The host cannot do this, because the host is busy with their own responsibilities. Too often, the deeply forgetful person is placed in the center of activities and conversation, and this can be a problem. Many people with dementia, especially at the later stages, cannot pick and choose which stimuli to pay attention to and which stimuli to ignore. As a result, all conversations and sounds run together and become overwhelming.

7. The companion point person can also use gentle touch and hugs to reassure Nana. When my mother-in-law would become upset or agitated, I would sit next to her and hold her hand. She calmed down immediately. Sometimes I just rubbed her upper back or shoulder.


8. Keep the TVs turned off. The big screen, high density television screens can trigger agitation because of the realness of the depiction. I’ve had persons with dementia become very agitated if a crime show or scary movie was playing in the background. Constant news shows may also create problems.

One of the psychiatrists I work with had a bad experience with older veterans who had undiagnosed PTSD. The nursing home would play old war movies, which were triggering the PTSD and causing an upswing in problematic behavior.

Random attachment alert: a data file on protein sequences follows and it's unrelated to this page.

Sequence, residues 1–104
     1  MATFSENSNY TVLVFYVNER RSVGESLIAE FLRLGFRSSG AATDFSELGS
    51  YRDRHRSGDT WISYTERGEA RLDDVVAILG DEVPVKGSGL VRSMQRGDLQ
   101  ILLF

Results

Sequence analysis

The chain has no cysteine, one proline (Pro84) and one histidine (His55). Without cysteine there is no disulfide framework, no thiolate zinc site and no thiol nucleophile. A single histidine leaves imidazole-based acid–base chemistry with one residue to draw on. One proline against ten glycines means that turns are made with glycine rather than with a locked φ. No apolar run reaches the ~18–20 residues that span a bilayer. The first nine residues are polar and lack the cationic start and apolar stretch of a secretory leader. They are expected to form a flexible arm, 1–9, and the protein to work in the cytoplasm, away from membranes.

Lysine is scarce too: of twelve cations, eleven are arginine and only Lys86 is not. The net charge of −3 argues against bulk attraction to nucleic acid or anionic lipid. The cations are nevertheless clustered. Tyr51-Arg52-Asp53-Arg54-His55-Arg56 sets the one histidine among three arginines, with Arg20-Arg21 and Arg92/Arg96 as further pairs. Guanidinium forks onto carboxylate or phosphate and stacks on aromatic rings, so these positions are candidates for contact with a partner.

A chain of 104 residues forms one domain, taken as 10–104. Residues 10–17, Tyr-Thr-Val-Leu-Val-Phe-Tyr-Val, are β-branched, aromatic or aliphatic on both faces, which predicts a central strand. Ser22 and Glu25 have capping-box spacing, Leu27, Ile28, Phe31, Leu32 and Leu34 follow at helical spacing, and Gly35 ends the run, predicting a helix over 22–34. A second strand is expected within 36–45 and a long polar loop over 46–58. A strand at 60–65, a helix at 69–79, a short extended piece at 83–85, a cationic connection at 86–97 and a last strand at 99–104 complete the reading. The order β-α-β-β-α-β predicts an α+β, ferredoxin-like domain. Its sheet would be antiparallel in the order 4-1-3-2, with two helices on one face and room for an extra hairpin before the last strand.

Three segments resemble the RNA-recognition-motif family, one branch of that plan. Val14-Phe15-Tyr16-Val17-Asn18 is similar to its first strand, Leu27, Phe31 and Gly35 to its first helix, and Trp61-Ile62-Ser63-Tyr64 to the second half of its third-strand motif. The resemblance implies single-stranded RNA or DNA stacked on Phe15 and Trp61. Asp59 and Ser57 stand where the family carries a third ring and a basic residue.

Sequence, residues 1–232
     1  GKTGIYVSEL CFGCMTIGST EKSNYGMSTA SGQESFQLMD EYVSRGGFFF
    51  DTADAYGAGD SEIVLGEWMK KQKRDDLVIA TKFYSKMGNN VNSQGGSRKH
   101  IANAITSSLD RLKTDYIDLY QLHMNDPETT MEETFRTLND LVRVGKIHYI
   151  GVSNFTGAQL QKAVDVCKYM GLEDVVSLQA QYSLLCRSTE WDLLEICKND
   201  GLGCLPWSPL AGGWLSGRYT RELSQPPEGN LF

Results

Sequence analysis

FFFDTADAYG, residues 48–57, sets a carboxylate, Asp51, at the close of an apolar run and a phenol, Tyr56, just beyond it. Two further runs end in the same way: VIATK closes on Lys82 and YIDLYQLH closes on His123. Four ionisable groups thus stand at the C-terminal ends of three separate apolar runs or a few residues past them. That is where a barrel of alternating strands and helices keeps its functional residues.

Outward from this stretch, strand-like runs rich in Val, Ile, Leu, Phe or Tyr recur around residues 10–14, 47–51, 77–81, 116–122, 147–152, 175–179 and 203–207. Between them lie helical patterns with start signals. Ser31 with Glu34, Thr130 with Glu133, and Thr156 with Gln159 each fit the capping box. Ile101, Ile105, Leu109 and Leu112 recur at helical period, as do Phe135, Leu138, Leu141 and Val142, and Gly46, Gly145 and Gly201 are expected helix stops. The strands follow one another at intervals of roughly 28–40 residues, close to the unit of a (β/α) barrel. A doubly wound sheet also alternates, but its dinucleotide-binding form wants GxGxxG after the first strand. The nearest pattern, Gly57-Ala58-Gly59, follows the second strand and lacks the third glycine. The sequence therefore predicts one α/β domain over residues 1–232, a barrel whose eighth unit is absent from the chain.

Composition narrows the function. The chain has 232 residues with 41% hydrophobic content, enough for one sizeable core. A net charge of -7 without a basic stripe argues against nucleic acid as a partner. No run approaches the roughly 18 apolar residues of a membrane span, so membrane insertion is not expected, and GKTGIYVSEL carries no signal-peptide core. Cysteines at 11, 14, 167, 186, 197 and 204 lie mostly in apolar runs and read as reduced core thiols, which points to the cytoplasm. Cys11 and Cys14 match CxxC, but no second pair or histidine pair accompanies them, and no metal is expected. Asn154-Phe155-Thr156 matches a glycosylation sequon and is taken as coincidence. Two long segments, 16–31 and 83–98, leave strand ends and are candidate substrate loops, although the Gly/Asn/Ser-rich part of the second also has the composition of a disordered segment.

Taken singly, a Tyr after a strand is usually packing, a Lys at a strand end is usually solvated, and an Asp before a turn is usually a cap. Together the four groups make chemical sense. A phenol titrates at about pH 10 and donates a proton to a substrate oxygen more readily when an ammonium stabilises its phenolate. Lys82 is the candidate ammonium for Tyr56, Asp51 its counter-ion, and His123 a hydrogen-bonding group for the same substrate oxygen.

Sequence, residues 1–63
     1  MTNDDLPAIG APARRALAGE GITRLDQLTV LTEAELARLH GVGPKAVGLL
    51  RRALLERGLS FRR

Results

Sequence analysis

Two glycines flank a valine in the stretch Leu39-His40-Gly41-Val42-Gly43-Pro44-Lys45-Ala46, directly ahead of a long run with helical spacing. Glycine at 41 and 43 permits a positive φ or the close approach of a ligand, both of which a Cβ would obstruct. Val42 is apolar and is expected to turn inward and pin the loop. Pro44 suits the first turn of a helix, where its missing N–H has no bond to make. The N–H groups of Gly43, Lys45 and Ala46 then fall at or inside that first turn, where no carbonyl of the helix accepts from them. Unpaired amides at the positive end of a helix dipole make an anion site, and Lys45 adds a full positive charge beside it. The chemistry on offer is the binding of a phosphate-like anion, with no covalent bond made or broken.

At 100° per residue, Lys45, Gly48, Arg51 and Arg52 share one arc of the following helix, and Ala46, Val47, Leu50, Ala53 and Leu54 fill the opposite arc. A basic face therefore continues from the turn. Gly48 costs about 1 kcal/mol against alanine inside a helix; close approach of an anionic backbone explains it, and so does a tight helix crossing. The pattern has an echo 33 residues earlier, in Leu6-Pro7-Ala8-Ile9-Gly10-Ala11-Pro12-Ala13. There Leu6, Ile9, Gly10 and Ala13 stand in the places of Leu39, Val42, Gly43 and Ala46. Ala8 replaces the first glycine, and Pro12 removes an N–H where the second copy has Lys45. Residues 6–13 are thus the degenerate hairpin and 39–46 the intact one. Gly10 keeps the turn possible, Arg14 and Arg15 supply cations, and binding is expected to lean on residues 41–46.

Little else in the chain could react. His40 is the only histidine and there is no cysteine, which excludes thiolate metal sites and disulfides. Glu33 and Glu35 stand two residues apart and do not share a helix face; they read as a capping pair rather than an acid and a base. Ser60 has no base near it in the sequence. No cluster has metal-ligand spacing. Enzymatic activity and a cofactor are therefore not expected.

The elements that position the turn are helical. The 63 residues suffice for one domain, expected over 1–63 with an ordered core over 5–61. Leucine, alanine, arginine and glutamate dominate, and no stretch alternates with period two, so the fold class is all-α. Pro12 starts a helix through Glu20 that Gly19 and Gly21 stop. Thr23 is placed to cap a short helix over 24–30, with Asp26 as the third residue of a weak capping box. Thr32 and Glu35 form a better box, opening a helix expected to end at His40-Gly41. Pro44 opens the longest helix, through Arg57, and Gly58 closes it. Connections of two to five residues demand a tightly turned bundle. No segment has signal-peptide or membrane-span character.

9. If everyone is sitting down to a big meal, place the deeply forgetful person near the end of the table (not the middle) and next to a companion “point person” who can help with prompts if Nana seems confused:

“Here’s the cranberry sauce. Would you like some?” If Nana nods, the companion relative goes into host-mode and serves the food by placing it on Nana’s plate. If dinner is buffet-style, the companion “point person” can escort Nana to the buffet table and help her select food items, then makes sure Nana sits somewhere that is well-lighted and not as loud and busy as other parts in the house.


10. Sometimes, the deeply forgetful person may become upset because she or he needs to use the bathroom and is embarrassed because he or she does not know where it is. The companion “point person” can handle the bathroom issue a variety of ways. My favorite way with my mother-in-law was simply to tell her, “I have to go to the restroom. Do you?” She usually nodded “yes” and looked relieved, because she hated to ask for people to take her.

Mary didn’t want to bother anyone. By me letting her know that I was headed in that direction, Mary felt comfortable going along with me. But it is important that the companion relative check with the deeply forgetful person every couple of hours to avoid any accidents or embarrassment.